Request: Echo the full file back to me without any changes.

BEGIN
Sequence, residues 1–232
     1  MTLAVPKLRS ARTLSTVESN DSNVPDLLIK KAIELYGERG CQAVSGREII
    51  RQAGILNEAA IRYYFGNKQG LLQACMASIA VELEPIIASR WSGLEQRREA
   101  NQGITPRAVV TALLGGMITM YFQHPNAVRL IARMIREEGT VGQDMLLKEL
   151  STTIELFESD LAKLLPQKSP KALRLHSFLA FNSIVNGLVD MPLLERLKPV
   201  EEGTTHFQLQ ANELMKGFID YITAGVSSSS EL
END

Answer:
Sequence, residues 1–232
     1  MTLAVPKLRS ARTLSTVESN DSNVPDLLIK KAIELYGERG CQAVSGREII
    51  RQAGILNEAA IRYYFGNKQG LLQACMASIA VELEPIIASR WSGLEQRREA
   101  NQGITPRAVV TALLGGMITM YFQHPNAVRL IARMIREEGT VGQDMLLKEL
   151  STTIELFESD LAKLLPQKSP KALRLHSFLA FNSIVNGLVD MPLLERLKPV
   201  EEGTTHFQLQ ANELMKGFID YITAGVSSSS EL